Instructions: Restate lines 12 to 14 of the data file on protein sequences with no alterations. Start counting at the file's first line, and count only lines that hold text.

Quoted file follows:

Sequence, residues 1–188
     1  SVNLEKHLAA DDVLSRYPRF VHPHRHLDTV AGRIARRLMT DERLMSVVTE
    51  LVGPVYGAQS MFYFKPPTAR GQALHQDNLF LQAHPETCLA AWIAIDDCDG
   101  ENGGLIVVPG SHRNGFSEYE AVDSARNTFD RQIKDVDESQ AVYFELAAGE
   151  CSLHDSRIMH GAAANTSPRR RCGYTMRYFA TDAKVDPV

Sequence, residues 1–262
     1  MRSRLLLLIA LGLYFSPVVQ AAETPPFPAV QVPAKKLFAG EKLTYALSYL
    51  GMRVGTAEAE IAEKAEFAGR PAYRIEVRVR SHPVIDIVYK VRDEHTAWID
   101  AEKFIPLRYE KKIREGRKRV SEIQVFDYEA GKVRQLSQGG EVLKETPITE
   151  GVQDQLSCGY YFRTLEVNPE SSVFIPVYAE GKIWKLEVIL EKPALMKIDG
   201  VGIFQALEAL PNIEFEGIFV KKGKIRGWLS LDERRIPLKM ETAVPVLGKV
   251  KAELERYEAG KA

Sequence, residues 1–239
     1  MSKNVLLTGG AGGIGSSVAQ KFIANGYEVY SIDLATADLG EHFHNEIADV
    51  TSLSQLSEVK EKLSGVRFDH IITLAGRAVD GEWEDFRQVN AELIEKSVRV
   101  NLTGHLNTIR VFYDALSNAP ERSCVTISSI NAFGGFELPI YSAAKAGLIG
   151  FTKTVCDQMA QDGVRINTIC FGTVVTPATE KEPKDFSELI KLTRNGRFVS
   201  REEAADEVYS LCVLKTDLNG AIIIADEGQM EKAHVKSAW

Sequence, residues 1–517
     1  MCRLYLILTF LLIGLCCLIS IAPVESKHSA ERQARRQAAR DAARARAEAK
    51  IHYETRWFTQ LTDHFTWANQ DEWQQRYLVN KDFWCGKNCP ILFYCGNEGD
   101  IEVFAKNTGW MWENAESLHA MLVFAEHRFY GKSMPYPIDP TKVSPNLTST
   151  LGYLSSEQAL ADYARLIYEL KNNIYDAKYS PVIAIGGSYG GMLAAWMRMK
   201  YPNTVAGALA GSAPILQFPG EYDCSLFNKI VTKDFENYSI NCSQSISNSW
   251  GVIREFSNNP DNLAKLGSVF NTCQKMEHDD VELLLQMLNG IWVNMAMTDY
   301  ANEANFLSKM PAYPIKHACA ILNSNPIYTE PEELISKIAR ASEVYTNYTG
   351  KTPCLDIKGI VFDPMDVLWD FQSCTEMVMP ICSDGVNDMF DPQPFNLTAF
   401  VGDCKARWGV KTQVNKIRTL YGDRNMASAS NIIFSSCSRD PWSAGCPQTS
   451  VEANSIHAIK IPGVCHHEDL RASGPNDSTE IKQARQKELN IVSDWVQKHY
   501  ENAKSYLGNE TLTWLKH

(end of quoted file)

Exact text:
   251  KAELERYEAG KA

Sequence, residues 1–239
     1  MSKNVLLTGG AGGIGSSVAQ KFIANGYEVY SIDLATADLG EHFHNEIADV